Heathrow and East Midlands apply for UK Freeport status

By Damian Brett

East Midlands Airport

Heathrow Airport and an East Midlands consortium have applied for Freeport status in the UK.

The government closed the application period for Freeport status on Friday, with 30 bidders thought to have submitted proposals.

Companies using Freeports will be able to import goods without paying tariffs, process them into a final good and then either pay a tariff on goods sold into the domestic market, or export the final goods without paying UK tariffs.

Areas given Freeport status will also benefit from a wide package of tax reliefs, including on purchasing land, constructing or renovating buildings, investing in new plant and machinery assets and on Employer National Insurance Contributions.

In total, the government intends to create 10 Freeports. The scheme comes following the country’s exit from the European Union and as the government looks to create new trade links.

The East Midlands bid for Freeport status was submitted by a consortium led by the two local enterprise partnerships, including East Midlands Airport.

The proposition is based around the East Midlands Airport Gateway Industrial Cluster as well as two other industrial sites in the region.

Clare James, East Midlands Airport’s managing director, said: “We’re delighted to be part of a regional Freeport bid that, if successful, could create thousands of jobs for local people. East Midlands Airport (EMA) is a key regional and national gateway for Britain’s exports and imports.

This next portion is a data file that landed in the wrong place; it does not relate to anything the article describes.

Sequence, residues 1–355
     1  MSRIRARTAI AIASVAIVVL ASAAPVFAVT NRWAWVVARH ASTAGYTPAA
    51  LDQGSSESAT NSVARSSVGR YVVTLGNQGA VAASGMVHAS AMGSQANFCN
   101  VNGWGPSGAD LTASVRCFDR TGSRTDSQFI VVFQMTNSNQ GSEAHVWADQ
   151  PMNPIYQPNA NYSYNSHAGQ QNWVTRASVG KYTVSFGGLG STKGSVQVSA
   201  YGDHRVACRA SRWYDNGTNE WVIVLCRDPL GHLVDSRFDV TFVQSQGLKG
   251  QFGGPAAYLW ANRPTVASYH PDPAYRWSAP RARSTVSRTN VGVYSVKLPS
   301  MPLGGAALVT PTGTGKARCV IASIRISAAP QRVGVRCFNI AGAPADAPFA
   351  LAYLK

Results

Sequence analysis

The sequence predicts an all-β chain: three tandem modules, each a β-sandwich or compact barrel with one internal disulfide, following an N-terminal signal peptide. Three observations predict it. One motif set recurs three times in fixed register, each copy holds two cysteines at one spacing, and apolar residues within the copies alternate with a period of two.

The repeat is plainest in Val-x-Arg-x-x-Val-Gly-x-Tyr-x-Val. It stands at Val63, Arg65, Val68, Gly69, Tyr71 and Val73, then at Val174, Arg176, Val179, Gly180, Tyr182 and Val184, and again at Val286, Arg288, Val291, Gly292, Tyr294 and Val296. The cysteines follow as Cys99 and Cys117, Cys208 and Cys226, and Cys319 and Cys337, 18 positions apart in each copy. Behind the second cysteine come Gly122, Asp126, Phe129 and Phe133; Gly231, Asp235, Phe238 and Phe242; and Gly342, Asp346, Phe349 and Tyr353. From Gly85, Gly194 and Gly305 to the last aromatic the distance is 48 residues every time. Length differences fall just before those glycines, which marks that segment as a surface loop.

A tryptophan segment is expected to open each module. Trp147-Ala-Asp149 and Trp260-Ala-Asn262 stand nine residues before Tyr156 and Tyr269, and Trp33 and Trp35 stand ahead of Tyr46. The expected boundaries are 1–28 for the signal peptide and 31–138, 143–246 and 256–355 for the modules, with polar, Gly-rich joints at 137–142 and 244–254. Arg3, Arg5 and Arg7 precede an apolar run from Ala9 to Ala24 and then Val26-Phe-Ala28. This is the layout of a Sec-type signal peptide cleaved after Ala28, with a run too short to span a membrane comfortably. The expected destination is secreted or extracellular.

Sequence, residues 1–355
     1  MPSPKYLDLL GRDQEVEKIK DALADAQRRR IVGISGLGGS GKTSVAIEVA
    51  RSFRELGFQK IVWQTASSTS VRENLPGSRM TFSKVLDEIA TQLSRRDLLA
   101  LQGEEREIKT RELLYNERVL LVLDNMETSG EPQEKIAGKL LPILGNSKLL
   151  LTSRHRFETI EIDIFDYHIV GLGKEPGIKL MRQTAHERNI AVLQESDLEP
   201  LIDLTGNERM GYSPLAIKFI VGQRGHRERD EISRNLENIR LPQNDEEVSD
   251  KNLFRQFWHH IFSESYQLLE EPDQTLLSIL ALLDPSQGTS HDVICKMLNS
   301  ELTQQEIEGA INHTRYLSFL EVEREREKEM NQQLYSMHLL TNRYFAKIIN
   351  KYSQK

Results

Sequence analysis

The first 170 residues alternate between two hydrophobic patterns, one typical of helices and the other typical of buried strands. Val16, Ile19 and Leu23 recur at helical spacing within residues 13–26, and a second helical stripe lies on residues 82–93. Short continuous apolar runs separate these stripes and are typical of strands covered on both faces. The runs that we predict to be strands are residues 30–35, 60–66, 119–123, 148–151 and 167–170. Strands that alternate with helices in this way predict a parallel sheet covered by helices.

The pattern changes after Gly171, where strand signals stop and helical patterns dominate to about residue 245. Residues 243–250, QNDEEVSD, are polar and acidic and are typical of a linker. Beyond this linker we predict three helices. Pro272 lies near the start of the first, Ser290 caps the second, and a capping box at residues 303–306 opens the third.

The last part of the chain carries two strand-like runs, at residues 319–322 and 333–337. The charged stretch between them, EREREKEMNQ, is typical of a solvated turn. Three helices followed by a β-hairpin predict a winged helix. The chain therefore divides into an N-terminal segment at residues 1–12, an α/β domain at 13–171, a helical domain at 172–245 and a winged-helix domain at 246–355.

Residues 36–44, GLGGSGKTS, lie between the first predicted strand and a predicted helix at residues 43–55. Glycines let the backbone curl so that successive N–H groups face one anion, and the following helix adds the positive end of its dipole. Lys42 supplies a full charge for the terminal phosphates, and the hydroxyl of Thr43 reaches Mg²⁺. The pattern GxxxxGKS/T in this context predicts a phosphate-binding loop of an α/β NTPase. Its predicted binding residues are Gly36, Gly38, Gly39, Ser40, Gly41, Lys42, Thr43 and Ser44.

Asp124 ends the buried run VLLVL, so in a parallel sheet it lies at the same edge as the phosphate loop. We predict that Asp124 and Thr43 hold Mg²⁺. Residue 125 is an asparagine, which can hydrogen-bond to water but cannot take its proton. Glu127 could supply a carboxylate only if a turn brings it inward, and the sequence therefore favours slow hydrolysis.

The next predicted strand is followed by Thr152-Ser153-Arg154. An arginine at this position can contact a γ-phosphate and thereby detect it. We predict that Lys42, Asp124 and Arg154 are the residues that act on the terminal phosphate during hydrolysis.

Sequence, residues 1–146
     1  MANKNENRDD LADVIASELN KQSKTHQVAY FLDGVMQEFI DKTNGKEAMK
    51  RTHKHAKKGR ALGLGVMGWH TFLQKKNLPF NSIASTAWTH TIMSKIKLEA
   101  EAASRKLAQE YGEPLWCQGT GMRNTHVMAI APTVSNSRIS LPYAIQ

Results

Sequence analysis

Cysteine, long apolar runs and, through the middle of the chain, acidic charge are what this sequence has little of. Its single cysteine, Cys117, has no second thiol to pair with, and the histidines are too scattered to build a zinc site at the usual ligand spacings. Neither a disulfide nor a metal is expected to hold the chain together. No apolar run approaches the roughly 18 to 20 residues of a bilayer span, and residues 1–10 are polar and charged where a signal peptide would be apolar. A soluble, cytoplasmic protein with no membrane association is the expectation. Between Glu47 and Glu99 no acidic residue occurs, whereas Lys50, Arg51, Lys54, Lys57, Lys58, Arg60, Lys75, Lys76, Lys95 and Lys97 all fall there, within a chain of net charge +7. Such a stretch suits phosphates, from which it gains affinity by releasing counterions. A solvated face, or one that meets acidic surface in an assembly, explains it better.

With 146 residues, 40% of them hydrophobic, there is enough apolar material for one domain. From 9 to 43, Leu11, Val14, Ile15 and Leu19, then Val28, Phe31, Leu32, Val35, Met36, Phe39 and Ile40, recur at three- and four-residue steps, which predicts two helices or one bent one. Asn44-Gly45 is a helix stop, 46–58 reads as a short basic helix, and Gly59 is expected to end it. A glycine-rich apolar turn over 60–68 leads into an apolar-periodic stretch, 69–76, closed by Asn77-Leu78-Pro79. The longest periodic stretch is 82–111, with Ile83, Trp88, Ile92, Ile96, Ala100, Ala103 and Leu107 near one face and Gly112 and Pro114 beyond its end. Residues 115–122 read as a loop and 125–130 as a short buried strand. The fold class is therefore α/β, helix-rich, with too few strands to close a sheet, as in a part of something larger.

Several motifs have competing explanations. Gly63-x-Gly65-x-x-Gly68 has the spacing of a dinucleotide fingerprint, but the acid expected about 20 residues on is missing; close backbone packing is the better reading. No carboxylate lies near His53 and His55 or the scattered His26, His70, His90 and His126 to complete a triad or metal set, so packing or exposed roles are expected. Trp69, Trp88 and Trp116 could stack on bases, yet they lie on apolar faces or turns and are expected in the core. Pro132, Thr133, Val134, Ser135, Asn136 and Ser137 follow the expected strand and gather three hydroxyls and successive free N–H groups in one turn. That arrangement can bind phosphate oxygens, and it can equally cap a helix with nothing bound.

“Assets like EMA will have a key role to play in helping the Government fulfil its ambition of a ‘global Britain’ especially as the country strikes trade deals around the world. As the port of entry and exit, we bring to the Freeport bid, along with our road haulage and rail operating partners, the connectivity that is one of this region’s unique strengths.”

Heathrow Airport said Freeport status will allow businesses, customers and supply chains to capitalise on international connections and routes, whilst reducing administrative burdens and controls.

It points out that in 2019 34% of UK cargo by value came through the airport and that 75% of all the country’s long-haul connections are from the airport.

“Our vision is that the UK – and its businesses – should be as well connected to cities in India and China as it is today with the US – with multiple, daily, year-round flights to a long list of cities across these countries complementing a wide range of other global routes,” said Nigel Milton, director of communications, Heathrow Airport, in a letter to government to support its application, supported by several business groups.

“This vision is delivered by utilising our unique long-haul network, supported by guaranteed domestic connections into Heathrow from regional airports and all aligned with potential Freeport sites in Teesside, Belfast, Inverness, and Newquay. A joined-up approach would allow the whole of the UK to connect direct to global growth opportunities and help deliver on the Government’s commitment to levelling up the UK.”

He added: “Heathrow believes it has a key role to play in both the development and implementation of the UK’s Freeport policy, and the economic recovery that this policy will be vital in supporting.

“An Associated Freeport at Heathrow provides an opportunity to accelerate the recovery and support regions around the UK, and boost industries and businesses across our local communities that have been negatively impacted by the pandemic. Just as manufacturing and high-tech clusters have been developed around Heathrow in West London and the South East, our position as a connecting port enables the specialisms from other sites around the UK to reach opportunities throughout the world.”

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